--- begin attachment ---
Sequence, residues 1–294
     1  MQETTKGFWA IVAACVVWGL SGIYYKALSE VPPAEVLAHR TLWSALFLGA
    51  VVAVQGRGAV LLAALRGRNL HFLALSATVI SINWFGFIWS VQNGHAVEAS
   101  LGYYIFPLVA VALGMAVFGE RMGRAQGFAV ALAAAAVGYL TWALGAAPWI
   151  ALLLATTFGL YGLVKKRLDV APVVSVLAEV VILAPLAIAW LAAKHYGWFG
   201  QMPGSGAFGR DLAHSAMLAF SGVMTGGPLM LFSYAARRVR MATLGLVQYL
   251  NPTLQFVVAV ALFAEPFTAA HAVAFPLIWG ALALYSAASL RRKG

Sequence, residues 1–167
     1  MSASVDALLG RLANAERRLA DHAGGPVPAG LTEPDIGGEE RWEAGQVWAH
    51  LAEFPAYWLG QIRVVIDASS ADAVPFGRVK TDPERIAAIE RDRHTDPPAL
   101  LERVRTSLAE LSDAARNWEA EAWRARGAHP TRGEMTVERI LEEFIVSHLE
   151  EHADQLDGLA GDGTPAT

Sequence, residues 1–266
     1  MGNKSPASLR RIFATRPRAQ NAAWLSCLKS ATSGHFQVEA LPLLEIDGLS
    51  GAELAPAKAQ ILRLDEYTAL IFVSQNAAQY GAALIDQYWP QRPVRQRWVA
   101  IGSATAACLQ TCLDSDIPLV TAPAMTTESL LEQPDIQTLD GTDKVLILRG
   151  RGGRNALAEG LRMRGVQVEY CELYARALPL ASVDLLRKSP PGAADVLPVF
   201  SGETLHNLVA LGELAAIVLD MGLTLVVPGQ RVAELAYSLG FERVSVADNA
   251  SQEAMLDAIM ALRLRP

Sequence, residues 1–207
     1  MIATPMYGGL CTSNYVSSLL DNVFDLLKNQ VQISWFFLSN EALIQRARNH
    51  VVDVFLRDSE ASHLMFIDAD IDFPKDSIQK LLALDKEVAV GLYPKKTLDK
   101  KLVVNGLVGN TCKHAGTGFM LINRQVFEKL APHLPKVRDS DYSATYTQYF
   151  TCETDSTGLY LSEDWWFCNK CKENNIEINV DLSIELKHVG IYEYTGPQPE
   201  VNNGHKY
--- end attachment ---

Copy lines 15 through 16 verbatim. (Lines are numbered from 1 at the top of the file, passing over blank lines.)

    51  GAELAPAKAQ ILRLDEYTAL IFVSQNAAQY GAALIDQYWP QRPVRQRWVA
   101  IGSATAACLQ TCLDSDIPLV TAPAMTTESL LEQPDIQTLD GTDKVLILRG